I truly enjoy being a student as much as I enjoy being a teacher ... Remembering a reference to a text from long ago that I encountered during my initial education and teaching sequence, author James G. Henderson stated that to become a reflective teacher, one must prepare by becoming a student of one's own teaching. This statement exemplifies and embodies the 'portfolio' process of compiling experiences and situations upon which to reflect, learn, modify, and grow. The very process of information gathering imbeds itself as an integral component of life and one's mere survival while journeying about the elements and environment in a stumbling fashion.
I gather much knowledge and insight from experiencing mistakes as well as proven practices. Oftentimes, the former provides for a greater reward as long as it is made to be meaningful and relevant. If I can prove ownership and benefit from even the most devastating situation, then my 'bungled' efforts, or those of others, were not in vain. Stemming possibly from my early days as an only child who was into everything -- not by being bad, but as a creative outlet for the incredible amount of ideas that I held dear -- my passion for learning and growing runs deep. I charged myself to conjure ways of playing games (alone) that were originally meant for two or more players, and to invent gadgets from found items laying around the house. My parents say that I rarely missed not having an older or younger sibling, and that I always kept myself amused -- "without all of the electronics," Mom adds.
I witness little of this very desire in the youth of today; my students often need to be reminded to 'think' for themselves during the most trivial task. Nor have I heard these children boast of 'ownership' in something that they created with their own hands. This is not only indicative of the students I currently instruct, but of others as I have gathered through conversations with colleagues throughout the world. Though an occasional group of adolescents may don this inquisitive nature more so than others, the majority of children cannot effectively problem solve and use critical thinking skills within their own environment. Surely, they talk of cyber-people mutilating creatures in video games, friends purchasing the widest bell-bottom pair of jeans or skateboarding over another's personal property, and other pop-culture topics. However, rarely are they 'proud' of something that they have accomplished that is meaningful ... unless it is, somehow, destructive!
The desire to expose these students to wonderful, and often, missed opportunities drives me to discover 'new' ways to teach math -- new ways to teach color -- new ways to teach gravity, forces, and energy. Though my focus to remain informed and abreast of technological advancements may sometimes be rooted in my students' lack to excel, I believe that I will always seek opportunities for professional development, as an educator and as a person. I do plan to continue my studies at the graduate level, either as a 'Continuing Education' student or matriculated Doctoral candidate. However, I currently find it difficult to choose a specific area of concentration due to the wonderful opportunities that I have experienced in my Master-level classes at the University of Delaware and nearby, The College of New Jersey. Coupled with the over-exposure to a variety of education focal areas (Counseling, Psychology, Curriculum, Educational Technology, etc.) and my alternate, educational endeavors in writing curriculum, I am left to ponder this decision.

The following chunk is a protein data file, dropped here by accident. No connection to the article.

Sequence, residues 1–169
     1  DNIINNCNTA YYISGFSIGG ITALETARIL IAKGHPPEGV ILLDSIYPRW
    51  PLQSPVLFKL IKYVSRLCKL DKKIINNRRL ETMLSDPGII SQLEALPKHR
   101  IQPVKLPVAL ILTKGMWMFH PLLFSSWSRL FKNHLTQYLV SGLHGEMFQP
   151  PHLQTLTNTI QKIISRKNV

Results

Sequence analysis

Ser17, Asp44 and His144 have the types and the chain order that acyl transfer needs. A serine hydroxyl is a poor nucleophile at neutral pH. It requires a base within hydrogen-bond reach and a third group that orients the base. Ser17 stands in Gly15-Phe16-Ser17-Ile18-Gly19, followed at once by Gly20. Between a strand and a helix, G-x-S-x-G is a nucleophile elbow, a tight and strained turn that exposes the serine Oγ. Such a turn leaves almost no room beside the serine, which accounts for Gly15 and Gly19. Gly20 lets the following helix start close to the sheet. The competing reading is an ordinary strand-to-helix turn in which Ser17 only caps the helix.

I have recently considered participation in the Fulbright Scholar Program and exchange with the education system of Japan. Through this program, I may offer my students an increased awareness of their educational practices, and share the experiences of another culture and history of a country. In addition to this wondrous opportunity, I also await notification from the National Science Foundation of a specialized program to be held at Cambridge University, England to sponsor Doctoral candidates in the field of Technology Education. Whatever the chosen pathway, I can state that my feelings towards additional professional growth will never lie dormant for too long, and will always affect my classroom instruction for the betterment of a child's education!
 Henderson, James G. Reflective Teaching: Becoming an Inquiring Educator. New York: Macmillan Publishing Company, 1992.